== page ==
Tom Johnson, Senior Technical Programmer Writer at Amazon joins us in this episode of Knowledgebase Ninjas to talk about his technical documentation experience.
Connect with Tom and Amazon here:
How did Tom get into technical documentation?
Tom majored in English and achieved a masters in creative writing… he then moved into teaching writing at the American University Of Cairo and then became a marketing copywriter at a relatively low salary.
Tom then steered into technical writing quite simply because it paid well. He had previously resisted moving over as he thought it would be boring but after time, he realized that was far from the truth!
Tom’s team at Amazon has just two writers
Though the developer relations group that Tom is a part of is cross functional and includes development and marketing resources. Tom enjoys being part of small team as it’s easier to make decisions on the fly and get things done faster.
Tom’s documentation process
Tom and his team follow an agile documentation process which aligns with the development team. They work in two week sprints and share results at the end of each period.
Tom’s team also follow a specific five step review process. This starts internally:
- Internal review
- Product team review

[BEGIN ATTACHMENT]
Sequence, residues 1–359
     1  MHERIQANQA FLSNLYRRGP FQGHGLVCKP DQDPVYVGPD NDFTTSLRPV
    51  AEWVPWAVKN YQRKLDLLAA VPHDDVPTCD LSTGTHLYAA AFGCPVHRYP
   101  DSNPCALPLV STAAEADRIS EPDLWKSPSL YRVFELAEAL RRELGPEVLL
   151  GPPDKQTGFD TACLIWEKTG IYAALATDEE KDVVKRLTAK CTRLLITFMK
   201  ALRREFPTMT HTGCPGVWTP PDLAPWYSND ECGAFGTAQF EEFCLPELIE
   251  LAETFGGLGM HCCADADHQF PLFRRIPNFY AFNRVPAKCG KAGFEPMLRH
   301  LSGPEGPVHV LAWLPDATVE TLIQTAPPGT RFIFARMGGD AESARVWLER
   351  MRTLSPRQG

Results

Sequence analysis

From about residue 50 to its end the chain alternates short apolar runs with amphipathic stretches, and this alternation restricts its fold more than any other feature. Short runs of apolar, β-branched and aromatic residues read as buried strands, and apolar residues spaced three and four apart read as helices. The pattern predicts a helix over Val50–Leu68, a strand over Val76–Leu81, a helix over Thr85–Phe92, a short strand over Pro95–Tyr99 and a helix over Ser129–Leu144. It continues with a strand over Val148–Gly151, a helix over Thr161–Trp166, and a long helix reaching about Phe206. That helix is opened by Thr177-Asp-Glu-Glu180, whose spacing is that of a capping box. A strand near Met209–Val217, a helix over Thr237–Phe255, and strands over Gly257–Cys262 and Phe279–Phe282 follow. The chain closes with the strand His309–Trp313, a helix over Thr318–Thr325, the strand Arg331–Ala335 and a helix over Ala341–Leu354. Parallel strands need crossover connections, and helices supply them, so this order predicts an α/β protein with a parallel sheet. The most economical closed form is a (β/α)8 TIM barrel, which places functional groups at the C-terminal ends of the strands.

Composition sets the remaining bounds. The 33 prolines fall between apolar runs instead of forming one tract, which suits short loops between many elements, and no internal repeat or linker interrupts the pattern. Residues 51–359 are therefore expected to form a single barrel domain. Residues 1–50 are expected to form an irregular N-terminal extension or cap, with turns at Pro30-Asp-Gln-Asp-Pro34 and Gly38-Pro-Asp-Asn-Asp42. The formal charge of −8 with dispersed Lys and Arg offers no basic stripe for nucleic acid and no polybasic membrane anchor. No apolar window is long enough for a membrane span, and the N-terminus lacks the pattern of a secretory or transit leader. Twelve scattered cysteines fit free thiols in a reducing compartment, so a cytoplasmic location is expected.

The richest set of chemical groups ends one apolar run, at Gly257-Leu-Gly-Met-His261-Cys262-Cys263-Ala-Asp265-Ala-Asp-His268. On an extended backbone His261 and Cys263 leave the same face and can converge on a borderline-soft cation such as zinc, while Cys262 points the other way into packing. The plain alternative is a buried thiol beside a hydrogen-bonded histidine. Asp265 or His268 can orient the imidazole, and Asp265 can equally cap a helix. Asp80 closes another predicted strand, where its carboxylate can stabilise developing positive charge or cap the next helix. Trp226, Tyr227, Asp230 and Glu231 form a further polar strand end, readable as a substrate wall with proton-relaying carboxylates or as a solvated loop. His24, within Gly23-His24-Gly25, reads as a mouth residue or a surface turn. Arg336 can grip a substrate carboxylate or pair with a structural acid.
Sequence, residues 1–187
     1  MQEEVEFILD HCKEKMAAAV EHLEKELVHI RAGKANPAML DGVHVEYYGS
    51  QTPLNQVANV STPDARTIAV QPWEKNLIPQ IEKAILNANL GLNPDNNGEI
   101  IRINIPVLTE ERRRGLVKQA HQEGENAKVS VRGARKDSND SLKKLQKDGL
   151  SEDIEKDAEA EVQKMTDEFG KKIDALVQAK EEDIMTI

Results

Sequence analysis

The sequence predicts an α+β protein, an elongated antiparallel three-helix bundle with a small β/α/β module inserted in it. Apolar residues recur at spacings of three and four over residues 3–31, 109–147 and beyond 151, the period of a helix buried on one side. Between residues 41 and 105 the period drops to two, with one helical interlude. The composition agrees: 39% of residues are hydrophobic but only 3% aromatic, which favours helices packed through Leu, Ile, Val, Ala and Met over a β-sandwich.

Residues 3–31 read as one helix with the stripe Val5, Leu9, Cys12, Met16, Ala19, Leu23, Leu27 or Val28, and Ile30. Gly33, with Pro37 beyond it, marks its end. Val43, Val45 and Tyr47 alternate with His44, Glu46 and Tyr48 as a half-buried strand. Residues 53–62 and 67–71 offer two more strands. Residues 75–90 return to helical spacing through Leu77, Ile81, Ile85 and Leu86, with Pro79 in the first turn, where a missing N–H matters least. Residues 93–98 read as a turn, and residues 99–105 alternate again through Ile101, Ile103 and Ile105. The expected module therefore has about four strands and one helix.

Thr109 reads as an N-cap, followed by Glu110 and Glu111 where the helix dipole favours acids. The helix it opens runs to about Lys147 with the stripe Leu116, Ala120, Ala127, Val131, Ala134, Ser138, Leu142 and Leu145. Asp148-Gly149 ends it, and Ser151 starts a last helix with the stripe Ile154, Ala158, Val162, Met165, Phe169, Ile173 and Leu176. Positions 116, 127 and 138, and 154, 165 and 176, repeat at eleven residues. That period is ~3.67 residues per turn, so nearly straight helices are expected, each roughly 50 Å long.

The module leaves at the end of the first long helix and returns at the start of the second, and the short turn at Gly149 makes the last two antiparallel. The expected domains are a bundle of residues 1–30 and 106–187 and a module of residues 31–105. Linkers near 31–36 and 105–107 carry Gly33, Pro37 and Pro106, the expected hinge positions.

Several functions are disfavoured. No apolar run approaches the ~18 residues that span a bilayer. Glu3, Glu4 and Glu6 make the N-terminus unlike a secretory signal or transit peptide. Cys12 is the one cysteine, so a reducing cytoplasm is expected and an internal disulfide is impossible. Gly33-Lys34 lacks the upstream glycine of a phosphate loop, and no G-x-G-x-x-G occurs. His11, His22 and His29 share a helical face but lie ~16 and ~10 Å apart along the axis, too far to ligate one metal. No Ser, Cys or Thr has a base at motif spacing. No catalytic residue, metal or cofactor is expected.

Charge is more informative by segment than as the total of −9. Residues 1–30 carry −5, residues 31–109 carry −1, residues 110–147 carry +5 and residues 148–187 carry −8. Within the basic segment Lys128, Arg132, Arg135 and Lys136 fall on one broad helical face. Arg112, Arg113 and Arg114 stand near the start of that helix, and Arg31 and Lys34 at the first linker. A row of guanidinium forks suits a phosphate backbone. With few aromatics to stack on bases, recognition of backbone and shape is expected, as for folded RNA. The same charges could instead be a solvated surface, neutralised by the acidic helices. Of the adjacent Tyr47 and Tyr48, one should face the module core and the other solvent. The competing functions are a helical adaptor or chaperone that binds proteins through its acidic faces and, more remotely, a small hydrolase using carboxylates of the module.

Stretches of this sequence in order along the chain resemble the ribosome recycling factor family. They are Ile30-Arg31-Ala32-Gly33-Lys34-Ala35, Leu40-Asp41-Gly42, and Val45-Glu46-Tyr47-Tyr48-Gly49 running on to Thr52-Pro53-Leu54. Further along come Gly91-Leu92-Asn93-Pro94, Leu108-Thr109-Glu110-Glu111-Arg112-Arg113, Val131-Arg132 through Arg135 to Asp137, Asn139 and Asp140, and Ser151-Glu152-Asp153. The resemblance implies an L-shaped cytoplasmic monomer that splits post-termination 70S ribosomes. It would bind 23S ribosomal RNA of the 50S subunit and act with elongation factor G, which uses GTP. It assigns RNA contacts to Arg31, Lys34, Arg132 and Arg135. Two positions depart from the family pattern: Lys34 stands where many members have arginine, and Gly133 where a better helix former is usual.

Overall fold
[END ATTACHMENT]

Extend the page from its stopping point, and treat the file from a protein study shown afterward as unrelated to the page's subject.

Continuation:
- Field and support engineer review
- Legal review
- Beta partner review
Moving content through this process normally produces a very robust output.
Tom’s thoughts on “Docs As Code”
Tom defines the “Docs As Code ” process as following these five characteristics:
- Uses markdown
- Deployed with Git
- Continuous deployment method
- Test editor
- Compile through a static site generator
Tom completed a recent survey that found that 37% of people surveyed following this method. Tom enjoys this approach as it is very flexible…
That said, you may need a UX skillset in the team in order to deploy and would then have to add a custom search functionality which takes time and further investment.
Tom’s thought on the ROI of technical documentation…
Tom states that many documentation teams look too metrics to determine the value of their documentation.
One example of proposes that ROI can come from docs being used by the support team or customers… Tom states that this has a number of challenges:
- How do you measure many people read the docs but never contacted the support team?
- How do support agents know if they are solving support tickets with knowledge they gained from docs?
- How do you measure the amount of customers that rejected your project based on documentation?
- How do you quantify the value of any new business driven by docs?
- How do you measure the reduction in ramp up time of new employees?
It’s due to these reasons that when “people do math” to measure the ROI on technical documentation, Tom doesn’t find it very persuasive.
Who has inspired Tom in technical writing?
- I’d Rather Be Writing – Tom Johnson
- Value arguments for docs and tech comm (Part II): Reviewing past research – Tom Johnson
- Value arguments for docs and tech comm (Part III): Determining value through usage – Tom Johnson
- Limits to the idea of treating docs as code – Tom Johnson
- “Value from perceptions from others” (Saul Carliner reference) – Saul Carliner
- “Value from knowledge creation” (Mike Hughes reference) – Mike Hughes
- “Every Page Is Page One” – Mark Baker
- Descript Help Center
- Cave of Programming
- Docs-as-code tools
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